Hopewell: Shutdown can't stop 400th City Point anniversary - NBC12 - Richmond, VA News

Hopewell: Shutdown can't stop 400th City Point anniversary

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HOPEWELL, VA (WWBT) -

It's one of the oldest settlements in North America, once home to English explorers in the 17th Century and General Grant during the Civil War. City Point only turns 400 once, and the celebration set for Saturday at the Appomattox Plantation, part of a National Park, is now moving.

The peninsula at the confluence of the Appomattox and James Rivers is part of the Petersburg National Battlefield. With the federal government still in a partial shutdown, the venue was moved to the surrounding neighborhood.

But Hopewell reassured citizens and history buffs Friday that the celebration of four centuries, will go on.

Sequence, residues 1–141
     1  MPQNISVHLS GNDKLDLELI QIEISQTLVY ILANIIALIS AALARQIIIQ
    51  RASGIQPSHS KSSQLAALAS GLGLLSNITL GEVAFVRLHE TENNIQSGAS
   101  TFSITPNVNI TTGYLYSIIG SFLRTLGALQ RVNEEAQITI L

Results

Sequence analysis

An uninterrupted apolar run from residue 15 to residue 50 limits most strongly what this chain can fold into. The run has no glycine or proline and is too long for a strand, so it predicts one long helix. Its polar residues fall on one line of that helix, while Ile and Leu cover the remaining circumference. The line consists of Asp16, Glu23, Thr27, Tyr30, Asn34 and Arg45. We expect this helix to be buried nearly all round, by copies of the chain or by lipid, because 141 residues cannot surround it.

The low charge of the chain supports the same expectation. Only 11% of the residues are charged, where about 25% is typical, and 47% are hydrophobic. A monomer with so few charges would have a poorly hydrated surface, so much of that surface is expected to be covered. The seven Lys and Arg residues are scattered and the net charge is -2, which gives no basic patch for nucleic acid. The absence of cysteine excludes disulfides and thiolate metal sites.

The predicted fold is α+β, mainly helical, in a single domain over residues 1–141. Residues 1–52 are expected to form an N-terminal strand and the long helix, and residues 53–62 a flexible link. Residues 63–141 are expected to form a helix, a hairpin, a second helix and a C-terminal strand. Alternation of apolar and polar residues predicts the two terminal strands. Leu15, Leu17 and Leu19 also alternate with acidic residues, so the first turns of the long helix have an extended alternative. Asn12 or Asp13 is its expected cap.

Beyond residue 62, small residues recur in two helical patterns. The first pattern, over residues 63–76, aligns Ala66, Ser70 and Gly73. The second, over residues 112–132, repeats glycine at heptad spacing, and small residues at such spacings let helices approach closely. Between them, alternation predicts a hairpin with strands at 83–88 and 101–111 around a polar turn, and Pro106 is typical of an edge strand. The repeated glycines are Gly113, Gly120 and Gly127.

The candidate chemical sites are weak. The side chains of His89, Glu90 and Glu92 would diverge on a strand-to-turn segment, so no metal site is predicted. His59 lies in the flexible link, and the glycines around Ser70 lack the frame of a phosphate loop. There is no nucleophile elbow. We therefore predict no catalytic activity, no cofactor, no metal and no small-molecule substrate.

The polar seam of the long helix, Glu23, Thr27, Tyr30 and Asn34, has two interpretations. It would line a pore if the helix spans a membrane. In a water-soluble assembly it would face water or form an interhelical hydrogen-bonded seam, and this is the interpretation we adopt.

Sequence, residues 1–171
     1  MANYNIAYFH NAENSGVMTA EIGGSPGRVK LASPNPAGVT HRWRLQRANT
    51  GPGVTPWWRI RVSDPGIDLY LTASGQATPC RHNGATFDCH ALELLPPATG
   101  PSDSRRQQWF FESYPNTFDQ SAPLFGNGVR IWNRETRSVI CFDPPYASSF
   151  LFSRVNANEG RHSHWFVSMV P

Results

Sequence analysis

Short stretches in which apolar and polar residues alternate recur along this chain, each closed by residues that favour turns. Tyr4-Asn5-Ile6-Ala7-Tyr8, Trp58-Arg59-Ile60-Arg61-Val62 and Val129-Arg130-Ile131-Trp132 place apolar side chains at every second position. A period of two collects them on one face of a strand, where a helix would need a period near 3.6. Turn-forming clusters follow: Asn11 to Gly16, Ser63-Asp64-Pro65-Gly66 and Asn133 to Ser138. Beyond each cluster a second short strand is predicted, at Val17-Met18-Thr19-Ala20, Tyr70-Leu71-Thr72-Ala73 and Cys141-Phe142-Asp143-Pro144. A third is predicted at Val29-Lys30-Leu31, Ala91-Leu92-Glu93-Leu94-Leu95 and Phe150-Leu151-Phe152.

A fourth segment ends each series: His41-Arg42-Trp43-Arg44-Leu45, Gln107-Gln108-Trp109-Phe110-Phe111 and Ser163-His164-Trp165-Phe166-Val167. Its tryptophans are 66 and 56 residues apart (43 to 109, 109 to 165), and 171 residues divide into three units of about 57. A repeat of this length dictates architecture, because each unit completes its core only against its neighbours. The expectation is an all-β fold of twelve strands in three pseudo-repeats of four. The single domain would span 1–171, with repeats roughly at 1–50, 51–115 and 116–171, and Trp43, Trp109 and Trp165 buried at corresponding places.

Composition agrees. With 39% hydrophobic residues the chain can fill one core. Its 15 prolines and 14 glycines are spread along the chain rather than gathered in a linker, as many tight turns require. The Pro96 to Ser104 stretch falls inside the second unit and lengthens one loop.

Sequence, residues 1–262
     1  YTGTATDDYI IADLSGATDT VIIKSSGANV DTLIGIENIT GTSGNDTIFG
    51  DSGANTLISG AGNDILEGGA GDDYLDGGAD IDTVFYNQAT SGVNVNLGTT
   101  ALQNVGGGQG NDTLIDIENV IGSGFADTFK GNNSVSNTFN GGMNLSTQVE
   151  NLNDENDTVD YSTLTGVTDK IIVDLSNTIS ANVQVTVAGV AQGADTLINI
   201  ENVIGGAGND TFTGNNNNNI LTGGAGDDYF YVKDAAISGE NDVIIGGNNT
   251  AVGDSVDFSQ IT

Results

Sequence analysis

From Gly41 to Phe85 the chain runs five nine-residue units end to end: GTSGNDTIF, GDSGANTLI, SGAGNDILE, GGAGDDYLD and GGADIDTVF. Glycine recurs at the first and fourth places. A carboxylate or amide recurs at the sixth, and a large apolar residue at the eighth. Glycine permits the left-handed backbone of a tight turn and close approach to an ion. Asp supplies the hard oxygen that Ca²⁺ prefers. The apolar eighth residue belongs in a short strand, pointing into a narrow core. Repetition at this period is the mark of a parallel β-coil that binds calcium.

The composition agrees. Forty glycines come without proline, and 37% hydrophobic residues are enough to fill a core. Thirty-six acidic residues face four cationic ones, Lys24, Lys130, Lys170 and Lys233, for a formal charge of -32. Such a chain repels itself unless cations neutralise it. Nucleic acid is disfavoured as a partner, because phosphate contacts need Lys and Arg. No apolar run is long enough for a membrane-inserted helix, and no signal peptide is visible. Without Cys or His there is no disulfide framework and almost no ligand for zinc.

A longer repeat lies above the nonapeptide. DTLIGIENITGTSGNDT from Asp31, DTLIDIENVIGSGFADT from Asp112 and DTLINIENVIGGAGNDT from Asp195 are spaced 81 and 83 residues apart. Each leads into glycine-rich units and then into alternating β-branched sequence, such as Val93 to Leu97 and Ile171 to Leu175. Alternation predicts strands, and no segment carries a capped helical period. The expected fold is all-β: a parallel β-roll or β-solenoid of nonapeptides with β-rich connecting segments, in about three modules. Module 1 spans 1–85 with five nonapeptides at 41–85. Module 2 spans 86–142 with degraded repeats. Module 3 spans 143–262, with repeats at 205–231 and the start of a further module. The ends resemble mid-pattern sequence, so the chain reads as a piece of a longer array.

"We were hoping for an act of Congress so this could go on as planned," said Councilor Christina Luman-Bailey in an interview Friday. "But we're just moving across the street from the Plantation… The block will be closed off, and the festivities will start Saturday at 10 a.m."

Although it will remain closed, the Appomattox Plantation at 619 Cedar Ln. will still serve as the main backdrop for the celebrations.

The government Shutdown also prevented Fort Lee from contributing musicians to the ceremony. Instead, organizers found a Civil War band that will walk the streets of the historic area.

"We will also have Nottoway Indians, John Rolfe and General Grant walking around, some of City Point's most famous figures," Luman-Bailey said. "It will be like Williamsburg, but of course, this will span the history of four centuries."

The Nottoway Outreach Indian Tribe of Virginia will make an appearance in front of the Plantation, beginning at 3:25 p.m.

"I think it's fantastic the celebration will go on," said Richard Wilkins, a tourist visiting from Long Beach, Calif. "As a Civil War buff, I'm glad to see there will be some historic celebration tomorrow."

Saturday's activities will culminate with a concert of Civil War music at 4 p.m. Guided tours of the historic district begin at 10 a.m. in front of the Plantation gate.

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